In October 1968, Janis Joplin had a No.1 album, a Top 10 single and a string of sold-out tour dates. One critic raved about her “urgent, blazing white blues” voice. Another said she sounded like “she was calling out from the second-story window of a bordello, inviting you up”. In her first blush of superstardom, the 25-year-old singer of Big Brother & The Holding Company should’ve been riding high. But she was miserable.
Weeks into her group’s tour, supporting their second record Cheap Thrills, with the hit Piece Of My Heart blasting out of radios everywhere, Janis was bored with the increasingly formulaic approach to their live shows. She felt her bandmates were getting lazy. They were all downing different drink and drug cocktails of choice – speed, Seconal, Southern Comfort – which made them edgy with each other offstage. Midway through a European tour, Janis announced that she would leave Big Brother once their dates were fulfilled.
Her restlessness dovetailed with her ambition. The rapturous reception she was getting in the UK and Germany that autumn fed her dreams of international stardom. And whispering encouragement in her ear from the sidelines was manager Albert Grossman, who’d come up through the New York City folk scene, managing Bob Dylan and Peter, Paul & Mary. Once described by a musician as a “pudgy barracuda”, Grossman promised Janis he would land her a deal for two million dollars – if she agreed to go solo.
At the same time, Columbia Records president Clive Davis was wooing Janis with visions of her as a blend of Aretha and Streisand. He wanted brass, strings, Vegas, TV specials, the works. Flattered with the attention, Janis saw it all as a way out of her stagnant situation, and began assembling a new group of musicians.
Once the Columbia deal was inked, Davis was anxious to get her in the studio. Recording began on June 16, 1969 in Columbia Records Studio in New York. Grossman chose Gabriel Mekler to produce.
Best-known for helming Steppenwolf biker-themed hits Born To Be Wild and Magic Carpet Ride, the classically-trained Mekler was opinionated and strong-willed. He didn’t like Janis’s choice of musicians for her band. They fought back and forth to a compromise, but Mekler sulked through the sessions and would ignore the suggestions of the players he didn’t choose.
Davis’s haste to get her solo debut out in time to capitalise on the success of Cheap Thrills also meant the new band didn’t have enough time to gel as a unit. While the large cast nodded to the way records were made at Stax and Motown, the flip side was that the band never transcended the feeling of being hired hands. Once again, drugs and egos reared their ugly heads. And 1969 was the year of heroin.
Guitarist Sam Andrew, a holdover from Big Brother, said, “Too many of the musicians were buying balloons [of heroin] rather than concentrating on the music.” Saxophonist Snooky Flowers added: “We were musicians and we knew how to play. We weren’t just a bunch of hippies running around playing three chords.” He thought Janis was intimidated because she realised the band was “musically beyond her”.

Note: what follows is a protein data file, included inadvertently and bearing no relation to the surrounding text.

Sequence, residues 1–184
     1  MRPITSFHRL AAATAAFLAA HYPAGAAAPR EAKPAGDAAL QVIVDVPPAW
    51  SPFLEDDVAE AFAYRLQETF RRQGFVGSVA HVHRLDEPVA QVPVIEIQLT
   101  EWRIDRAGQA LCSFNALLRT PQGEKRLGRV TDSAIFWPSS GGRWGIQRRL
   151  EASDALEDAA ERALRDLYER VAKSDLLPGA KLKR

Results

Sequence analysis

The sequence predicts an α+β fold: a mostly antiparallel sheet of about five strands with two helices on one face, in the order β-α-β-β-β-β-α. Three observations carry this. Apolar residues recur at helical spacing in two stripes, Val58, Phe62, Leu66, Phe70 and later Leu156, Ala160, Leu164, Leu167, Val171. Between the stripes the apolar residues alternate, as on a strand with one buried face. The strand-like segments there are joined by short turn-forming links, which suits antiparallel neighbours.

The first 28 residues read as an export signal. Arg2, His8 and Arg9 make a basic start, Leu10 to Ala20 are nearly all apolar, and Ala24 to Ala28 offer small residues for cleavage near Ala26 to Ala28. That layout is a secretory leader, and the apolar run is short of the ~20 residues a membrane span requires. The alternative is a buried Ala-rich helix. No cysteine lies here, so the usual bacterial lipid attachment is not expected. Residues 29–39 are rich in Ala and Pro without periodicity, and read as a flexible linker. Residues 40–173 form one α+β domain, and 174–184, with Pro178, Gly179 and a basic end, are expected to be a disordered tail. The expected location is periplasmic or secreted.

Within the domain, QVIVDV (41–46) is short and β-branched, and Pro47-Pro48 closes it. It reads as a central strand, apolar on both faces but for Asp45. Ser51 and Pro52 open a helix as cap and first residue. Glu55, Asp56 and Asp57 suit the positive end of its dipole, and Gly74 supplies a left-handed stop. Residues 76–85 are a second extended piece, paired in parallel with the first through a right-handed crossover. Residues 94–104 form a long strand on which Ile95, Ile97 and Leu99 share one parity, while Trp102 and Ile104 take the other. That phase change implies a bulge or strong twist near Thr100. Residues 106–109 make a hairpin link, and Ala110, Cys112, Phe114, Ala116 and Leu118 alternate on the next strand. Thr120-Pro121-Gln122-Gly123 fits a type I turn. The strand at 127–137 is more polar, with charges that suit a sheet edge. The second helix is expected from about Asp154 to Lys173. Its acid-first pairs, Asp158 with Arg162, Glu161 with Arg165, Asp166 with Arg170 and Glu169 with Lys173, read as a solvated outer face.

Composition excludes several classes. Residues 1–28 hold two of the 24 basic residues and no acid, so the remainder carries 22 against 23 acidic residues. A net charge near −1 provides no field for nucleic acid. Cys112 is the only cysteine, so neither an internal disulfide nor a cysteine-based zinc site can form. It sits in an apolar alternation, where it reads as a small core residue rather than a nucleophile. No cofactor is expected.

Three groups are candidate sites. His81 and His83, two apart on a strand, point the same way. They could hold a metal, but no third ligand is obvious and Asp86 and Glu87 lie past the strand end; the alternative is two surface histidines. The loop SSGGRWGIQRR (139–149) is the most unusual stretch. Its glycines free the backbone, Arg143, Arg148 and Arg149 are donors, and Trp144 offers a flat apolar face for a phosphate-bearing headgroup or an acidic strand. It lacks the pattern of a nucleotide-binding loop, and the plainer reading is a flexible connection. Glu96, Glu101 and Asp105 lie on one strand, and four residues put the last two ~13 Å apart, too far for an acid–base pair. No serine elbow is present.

In this chaos, Janis got a bit lost on her own album, personally and musically. Her father Seth later said: “The brass in the group didn’t suit her. Her voice was an orchestra in itself.” And yet, testament to her otherworldly talent, there are sublime moments on Dem Kozmic Blues. The best of them have spare arrangements that bring her vocals to the forefront. There’s Maybe, a creative reimagining of an old girl group hit, and One Good Man, where she spars with Michael Bloomfield’s lean, fiery guitar licks, making the track sound like a blueprint for the first two Led Zeppelin albums.
But the standout is a cover of Rodgers & Hart’s Little Girl Blue, from the 1935 Broadway show Jumbo. Though she tweaks Lorenz Hart’s lyrics, there is a deep empathy in the track. Hart, like Janis, was an outsider, uncomfortable in his own skin, perpetually insecure, given to jags of depression and drinking.
Though she may not have known that, Janis found a cross-generational kindred spirit and it brought out all the colours in her voice. No other performance better illustrates her extraordinary openheartedness, empathy, and ability to cry for herself while crying for us as listeners.
Released in September 1969, the album went gold, but yielded no Top 10 singles and a mixed reaction from the press. A typical review, in Rolling Stone, raved about Janis’s singing but faulted the accompaniment as “lumpier than a beer hall accordion band”. She hit the road with many of the same musicians and had uneven gigs.
“They didn’t get me off,” she said. “I have to have the umph. I’ve got to feel it, because if it’s not getting through to me, the audience sure as hell aren’t going to feel it either.”
By summer 1970, she’d hired a new band, The Full Tilt Boogie, that she called “so heavy you can lean on it”. But before her creative evolution could continue, Janis was gone. A year after her death at 27, Columbia released Pearl, the last piece of a puzzle that will remain forever unfinished.